Wednesday’s Video Clip: How To Use Technology to Improve your Family Law Practice

Webinar: https://store.lso.ca/how-to-use-techn…

Video by: Daphne Brookes

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Court Rebukes Wealthy Couple for Reaping Canadian Rewards While Avoiding Taxes

The wealthy couple – who owned assets around the world estimated to be worth $50 million – were in the midst of a very high conflict matrimonial proceeding. They were scheduled for an upcoming trial to decide their property division and child support issues.

Although the case is unremarkable in terms of the legal issues under dispute, the court made some pointed comments about the couple’s historic penchant for maximizing their tax avoidance opportunities, while simultaneously exploiting the numerous advantages offered by Canadian society.

The court explained that over the years the couple has amassed a large real estate portfolio including: a large West Vancouver home; a downtown Vancouver condominium; a ski chalet at Big White Ski Resort near Kelowna; a ranch in Merritt; condominiums in Toronto, Florida, and Malaysia, and five properties in Singapore.  But the court explained that  husband’s business had been structured to shield them almost completely from tax liability:

This family is very wealthy and they have a lavish lifestyle. The financial engine for that wealth is the [husband’s] Singapore medical practice, which by all accounts, has been very successful. … The income derived from the medical practice has been the sole support for the family since the [wife] stopped working some time ago.

The court then described the couple’s decision to install the wife and child in Canada, while keeping the husband’s business interests and income sources elsewhere:

In 2003, the family decided to relocate to Vancouver. They applied for permanent residency under the “Immigrant Investor Program”.  In June 2004, the family purchased a large home in West Vancouver. Despite initial intentions of moving to Vancouver, the [husband] determined that it was more practical and lucrative for him to continue his medical practice in Singapore while the [wife] and the children remained in BC. He never did immigrate to Canada but did visit from time to time, while supporting his family here with income earned and taxed in Singapore.

In the context of hearing the bitter matrimonial dispute – which among other things involved Mareva injunction applications and a restraining order to keep the husband away from the former family home – the court registered its disapproval in these terms:

I accept the [wife’s] evidence that the accounts which are used to fund the mortgage on their joint asset – the West Vancouver home – was purposefully put into her name so as to avoid any suggestion that the [husband[was financially active here and therefore, subject to Canadian and BC income tax. Accordingly, but for a small amount of income earned on investments in BC in the [wife’s] name, the vast majority of the family income has been earned elsewhere and presumably taxed elsewhere (if at all) – while the [wife] and [their child] have enjoyed the many benefits of Canadian society, including [the child’s] attendance at the local public high school. Needless to say, this family has also now taken advantage of and sourced another valuable benefit in our society – our legal system – which is funded by Canadian and BC taxpayers.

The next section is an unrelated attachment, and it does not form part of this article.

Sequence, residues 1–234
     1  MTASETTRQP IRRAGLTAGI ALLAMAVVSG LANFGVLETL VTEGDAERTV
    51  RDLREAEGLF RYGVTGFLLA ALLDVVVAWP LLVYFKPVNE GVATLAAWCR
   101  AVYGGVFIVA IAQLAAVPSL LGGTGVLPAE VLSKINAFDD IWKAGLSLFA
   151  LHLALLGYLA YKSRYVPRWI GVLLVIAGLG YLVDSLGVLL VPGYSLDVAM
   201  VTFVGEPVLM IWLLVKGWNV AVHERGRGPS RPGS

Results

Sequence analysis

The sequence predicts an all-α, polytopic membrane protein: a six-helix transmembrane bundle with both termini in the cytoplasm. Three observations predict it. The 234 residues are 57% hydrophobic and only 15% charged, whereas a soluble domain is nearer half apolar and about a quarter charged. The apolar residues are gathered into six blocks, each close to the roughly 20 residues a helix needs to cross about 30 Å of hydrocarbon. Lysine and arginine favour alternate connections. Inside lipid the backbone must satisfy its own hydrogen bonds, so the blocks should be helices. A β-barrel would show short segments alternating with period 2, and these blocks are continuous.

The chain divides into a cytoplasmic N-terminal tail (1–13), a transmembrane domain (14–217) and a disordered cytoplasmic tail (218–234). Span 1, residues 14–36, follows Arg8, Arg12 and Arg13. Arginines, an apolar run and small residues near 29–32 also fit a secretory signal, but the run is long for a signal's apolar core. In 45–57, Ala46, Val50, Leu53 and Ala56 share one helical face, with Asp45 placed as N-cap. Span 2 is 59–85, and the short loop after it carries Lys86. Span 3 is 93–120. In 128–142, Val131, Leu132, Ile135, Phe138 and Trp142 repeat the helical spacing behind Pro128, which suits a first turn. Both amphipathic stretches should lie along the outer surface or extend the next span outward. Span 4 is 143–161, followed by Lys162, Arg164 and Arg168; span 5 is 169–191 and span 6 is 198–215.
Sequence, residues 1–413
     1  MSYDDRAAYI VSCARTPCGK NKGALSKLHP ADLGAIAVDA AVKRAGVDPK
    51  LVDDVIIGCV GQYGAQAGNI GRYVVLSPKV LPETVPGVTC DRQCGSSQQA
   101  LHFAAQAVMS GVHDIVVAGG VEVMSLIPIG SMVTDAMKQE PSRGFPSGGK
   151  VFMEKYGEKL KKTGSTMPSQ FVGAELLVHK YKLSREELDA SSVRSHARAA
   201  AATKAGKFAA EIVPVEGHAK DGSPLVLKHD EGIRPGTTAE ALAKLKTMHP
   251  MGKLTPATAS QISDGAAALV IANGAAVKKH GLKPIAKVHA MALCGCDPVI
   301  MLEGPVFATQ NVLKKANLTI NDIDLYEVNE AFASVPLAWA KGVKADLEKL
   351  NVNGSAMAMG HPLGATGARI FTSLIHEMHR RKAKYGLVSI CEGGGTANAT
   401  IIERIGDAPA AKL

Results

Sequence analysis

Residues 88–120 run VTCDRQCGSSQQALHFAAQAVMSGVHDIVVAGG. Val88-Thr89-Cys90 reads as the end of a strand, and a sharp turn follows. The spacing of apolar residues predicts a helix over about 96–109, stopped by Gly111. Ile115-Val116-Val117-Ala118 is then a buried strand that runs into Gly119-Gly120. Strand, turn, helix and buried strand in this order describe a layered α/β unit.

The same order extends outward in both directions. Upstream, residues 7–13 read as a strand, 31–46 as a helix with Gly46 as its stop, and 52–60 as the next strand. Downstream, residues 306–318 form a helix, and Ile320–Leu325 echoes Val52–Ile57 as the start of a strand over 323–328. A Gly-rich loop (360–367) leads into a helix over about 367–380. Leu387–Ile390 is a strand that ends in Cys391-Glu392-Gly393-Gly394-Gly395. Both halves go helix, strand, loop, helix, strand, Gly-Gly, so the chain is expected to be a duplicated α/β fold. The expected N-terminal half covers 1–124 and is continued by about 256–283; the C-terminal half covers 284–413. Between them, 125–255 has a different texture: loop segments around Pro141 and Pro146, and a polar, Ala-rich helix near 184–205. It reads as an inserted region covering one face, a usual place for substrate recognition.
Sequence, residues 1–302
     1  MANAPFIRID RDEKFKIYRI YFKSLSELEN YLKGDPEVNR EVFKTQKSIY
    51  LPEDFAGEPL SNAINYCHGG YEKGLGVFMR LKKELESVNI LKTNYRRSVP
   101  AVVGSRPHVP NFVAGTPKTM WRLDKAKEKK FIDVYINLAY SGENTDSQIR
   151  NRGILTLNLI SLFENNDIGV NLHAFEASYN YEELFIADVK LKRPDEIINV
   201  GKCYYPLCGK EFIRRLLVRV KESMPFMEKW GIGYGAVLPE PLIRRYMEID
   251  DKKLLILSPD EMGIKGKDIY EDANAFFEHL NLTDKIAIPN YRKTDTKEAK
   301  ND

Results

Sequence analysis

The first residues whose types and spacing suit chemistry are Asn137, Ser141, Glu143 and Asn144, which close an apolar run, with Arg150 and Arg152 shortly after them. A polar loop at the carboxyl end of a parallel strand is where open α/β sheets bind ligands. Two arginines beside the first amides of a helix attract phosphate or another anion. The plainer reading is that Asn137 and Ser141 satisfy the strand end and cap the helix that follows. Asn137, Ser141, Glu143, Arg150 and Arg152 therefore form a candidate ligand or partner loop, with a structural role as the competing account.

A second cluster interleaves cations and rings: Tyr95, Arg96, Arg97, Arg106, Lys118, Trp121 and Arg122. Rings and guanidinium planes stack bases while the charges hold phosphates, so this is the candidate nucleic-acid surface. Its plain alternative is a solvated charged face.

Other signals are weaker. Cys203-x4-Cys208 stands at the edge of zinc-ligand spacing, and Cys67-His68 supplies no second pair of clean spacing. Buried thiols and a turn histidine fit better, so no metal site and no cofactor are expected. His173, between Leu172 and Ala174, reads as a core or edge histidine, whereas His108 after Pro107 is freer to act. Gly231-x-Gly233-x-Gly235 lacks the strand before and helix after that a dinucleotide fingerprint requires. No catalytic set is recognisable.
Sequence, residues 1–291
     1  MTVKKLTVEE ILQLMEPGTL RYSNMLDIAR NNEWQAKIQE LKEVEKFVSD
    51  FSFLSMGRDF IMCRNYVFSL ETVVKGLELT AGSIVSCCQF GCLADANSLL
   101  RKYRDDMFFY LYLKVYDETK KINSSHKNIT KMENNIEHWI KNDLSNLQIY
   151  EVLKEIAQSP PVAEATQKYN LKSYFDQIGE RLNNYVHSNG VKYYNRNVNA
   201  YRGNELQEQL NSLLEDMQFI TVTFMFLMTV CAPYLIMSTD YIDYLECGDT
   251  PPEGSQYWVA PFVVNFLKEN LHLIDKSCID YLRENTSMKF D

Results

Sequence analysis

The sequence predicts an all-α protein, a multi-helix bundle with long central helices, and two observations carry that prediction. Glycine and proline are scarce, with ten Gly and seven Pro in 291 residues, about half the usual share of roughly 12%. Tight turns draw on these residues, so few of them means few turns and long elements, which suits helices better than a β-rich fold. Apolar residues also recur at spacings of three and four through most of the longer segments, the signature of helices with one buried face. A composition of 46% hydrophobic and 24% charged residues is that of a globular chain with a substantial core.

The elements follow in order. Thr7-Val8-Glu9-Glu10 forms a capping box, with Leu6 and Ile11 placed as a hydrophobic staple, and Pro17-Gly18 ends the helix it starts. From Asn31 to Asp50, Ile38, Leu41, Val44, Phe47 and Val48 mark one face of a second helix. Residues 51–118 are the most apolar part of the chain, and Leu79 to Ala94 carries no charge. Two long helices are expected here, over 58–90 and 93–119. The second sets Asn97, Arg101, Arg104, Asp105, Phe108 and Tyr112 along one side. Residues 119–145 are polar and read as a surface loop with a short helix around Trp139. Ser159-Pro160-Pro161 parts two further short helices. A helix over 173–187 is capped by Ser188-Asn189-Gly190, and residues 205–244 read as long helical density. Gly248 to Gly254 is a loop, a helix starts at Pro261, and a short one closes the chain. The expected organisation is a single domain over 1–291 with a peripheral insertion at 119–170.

It’s an interesting comment by the court, of the type that is not often directed at litigants in family law disputes. Maybe it should be, and more often.

For the full text of the decision, see:

Devathasan v Devathasan, 2017

At Russell Alexander, Family Lawyers our focus is exclusively family law, offering pre-separation legal advice and assisting clients with family related issues including: custody and access, separation agreements, child and spousal support, division of family property, paternity disputes, and enforcement of court orders.  For more information, visit us at RussellAlexander.com

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Should Dad Be Forced to Cook Gluten-Free?

In the recent decision in Beaulieu v. Beaudoin, the court was asked to rule on several continuing disputes between now-divorced parents in relation to the custody, access and care of their four children, three of whom had special needs. Specifically, one child had been diagnosed with autism and ADHD, while two others had severe behavioral issues.

In the context of a hearing to resolve several ongoing and acrimonious issues, the mother asked the court for an order to force the father to follow children’s gluten-free diet when they are in his care.

[While we have you here, we wanted to remind you that you can get the latest articles delivered to your inbox. Sign up here.]

The court explained the mother’s position: